Global human resources consulting and outsourcing company, Hewitt Associates, is pushing for federal action to help put a stop to the lack of transparency both employers and workers deal with when trying to understand how 401(k) plan fees are being charged.
The company believes that because investment managers and other service providers are not obligated to tell how they’re charging, workers are missing out on the retirement savings that could help them properly rebuild their nest eggs after the financial crisis.
Investment Managers Not Telling the Whole Story
According to Hewitt Associates, millions of employees who are participating in 401(k) plans may be paying unnecessarily high fees because the service providers their employers are working with are charging administrative fees based on the amount of money (assets) in the plan. Taking this route means the providers can charge more than they would be able to if they were charging on a fee-for-service model that bases fees on the number of participants it’s servicing.
But worse, because these providers aren’t obligated to talk about what they’re charging, both employers and workers are paying higher fees than necessary, resulting in employees missing out on a fair chance to recover the money lost after the financial crisis.
Hewitt Proposes Federal Action to Obtain Transparency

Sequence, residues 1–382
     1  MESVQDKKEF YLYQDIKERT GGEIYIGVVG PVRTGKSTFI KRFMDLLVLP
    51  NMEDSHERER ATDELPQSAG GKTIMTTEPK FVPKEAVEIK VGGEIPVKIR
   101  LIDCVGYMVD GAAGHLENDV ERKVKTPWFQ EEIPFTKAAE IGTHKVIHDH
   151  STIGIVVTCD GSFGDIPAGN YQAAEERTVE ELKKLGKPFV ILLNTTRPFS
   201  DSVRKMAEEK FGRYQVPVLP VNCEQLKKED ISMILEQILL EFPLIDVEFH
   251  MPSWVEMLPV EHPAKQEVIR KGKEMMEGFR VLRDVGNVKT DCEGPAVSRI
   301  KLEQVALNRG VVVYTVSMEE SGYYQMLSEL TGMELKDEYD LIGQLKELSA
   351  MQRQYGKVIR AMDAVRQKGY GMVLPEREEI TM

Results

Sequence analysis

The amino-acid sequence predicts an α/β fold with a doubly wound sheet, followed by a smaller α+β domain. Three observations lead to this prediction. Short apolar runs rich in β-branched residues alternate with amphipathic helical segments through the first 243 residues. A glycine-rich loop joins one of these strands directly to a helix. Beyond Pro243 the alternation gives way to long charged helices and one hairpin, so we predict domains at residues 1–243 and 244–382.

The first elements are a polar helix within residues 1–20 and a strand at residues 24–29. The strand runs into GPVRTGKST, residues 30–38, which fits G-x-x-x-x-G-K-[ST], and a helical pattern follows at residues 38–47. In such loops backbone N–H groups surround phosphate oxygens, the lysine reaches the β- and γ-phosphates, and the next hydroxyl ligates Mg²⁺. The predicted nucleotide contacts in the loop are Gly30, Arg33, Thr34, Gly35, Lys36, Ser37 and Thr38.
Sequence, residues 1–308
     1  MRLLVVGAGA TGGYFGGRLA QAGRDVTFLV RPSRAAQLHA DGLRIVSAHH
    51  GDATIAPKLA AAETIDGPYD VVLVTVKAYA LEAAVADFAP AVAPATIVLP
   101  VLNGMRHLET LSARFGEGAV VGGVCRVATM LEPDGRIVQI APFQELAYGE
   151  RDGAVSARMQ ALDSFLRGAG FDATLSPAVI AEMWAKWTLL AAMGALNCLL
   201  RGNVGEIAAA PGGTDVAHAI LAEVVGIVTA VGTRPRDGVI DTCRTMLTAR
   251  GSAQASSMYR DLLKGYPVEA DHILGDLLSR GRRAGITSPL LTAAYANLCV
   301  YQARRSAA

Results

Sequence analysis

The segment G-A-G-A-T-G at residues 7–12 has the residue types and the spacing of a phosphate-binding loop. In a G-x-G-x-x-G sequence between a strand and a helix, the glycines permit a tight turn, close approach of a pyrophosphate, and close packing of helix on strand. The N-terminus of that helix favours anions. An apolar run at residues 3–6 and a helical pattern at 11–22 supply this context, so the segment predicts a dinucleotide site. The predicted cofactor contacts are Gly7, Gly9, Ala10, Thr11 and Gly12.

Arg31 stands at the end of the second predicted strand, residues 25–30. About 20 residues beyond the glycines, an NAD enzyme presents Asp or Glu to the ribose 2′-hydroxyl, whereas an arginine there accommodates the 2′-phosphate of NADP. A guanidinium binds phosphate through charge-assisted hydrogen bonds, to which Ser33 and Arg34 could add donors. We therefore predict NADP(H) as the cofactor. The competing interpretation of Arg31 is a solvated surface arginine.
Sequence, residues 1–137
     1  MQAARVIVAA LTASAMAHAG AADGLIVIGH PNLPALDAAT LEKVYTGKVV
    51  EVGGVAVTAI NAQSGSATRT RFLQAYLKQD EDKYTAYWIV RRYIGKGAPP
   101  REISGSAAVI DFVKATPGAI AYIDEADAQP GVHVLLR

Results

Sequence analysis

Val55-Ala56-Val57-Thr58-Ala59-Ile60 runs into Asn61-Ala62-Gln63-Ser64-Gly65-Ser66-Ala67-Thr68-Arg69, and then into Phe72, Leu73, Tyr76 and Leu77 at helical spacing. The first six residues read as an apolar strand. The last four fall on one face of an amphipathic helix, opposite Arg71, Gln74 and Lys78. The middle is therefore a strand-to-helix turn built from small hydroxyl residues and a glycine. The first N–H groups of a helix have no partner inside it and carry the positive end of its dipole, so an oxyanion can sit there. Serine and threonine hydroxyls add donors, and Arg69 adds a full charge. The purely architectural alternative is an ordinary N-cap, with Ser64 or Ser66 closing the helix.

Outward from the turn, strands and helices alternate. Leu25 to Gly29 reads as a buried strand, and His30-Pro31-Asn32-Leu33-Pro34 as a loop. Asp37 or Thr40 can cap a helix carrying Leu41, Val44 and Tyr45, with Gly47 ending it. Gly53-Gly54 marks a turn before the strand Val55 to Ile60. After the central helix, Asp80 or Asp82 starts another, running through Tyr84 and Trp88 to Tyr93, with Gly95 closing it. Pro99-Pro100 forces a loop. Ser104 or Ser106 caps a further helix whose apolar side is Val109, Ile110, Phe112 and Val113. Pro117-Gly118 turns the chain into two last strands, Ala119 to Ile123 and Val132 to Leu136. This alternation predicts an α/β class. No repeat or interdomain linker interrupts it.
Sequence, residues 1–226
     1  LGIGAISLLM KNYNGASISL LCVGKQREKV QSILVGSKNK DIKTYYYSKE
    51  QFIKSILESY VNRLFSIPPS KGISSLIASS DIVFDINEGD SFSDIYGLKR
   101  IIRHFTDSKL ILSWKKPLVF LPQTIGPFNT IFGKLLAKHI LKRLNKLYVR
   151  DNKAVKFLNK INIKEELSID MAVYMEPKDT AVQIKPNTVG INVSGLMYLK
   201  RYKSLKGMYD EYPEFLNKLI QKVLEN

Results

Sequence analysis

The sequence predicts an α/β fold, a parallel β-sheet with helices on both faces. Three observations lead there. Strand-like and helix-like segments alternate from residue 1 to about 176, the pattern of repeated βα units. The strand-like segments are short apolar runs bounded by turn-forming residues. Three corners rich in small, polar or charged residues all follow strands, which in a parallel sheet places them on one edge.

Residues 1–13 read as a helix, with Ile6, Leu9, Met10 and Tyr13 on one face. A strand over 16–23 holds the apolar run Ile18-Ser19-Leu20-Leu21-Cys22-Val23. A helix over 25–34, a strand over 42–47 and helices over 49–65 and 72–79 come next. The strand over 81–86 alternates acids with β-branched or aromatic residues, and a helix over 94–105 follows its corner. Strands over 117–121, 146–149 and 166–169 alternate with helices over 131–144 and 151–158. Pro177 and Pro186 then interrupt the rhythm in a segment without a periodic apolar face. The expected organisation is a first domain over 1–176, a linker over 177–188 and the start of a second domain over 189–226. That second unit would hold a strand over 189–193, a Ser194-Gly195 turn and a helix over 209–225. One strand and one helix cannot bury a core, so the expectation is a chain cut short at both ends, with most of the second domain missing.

In order to make sure that employers and employees know exactly what’s being charged by investment managers, Hewitt proposes that federal action be taken sooner than later. The hope is that if plan sponsors and individuals receive better information on fees, employers will be better able to protect and enhance their employees’ retirement savings by providing a better climate for negotiating lower fees for 401(k) plans.
Recent reports show that nearly half of all American workers have less than $10,000 in their nest egg. Hewitt hopes that this can change in the near future. Currently, there are pieces of legislation moving through the House and Senate that could help make disclosure a necessity. However, it’s possible that with the government hoping to take over 401(k)s and IRAs to pay down the deficit, this particular issue may no longer be a cause for concern.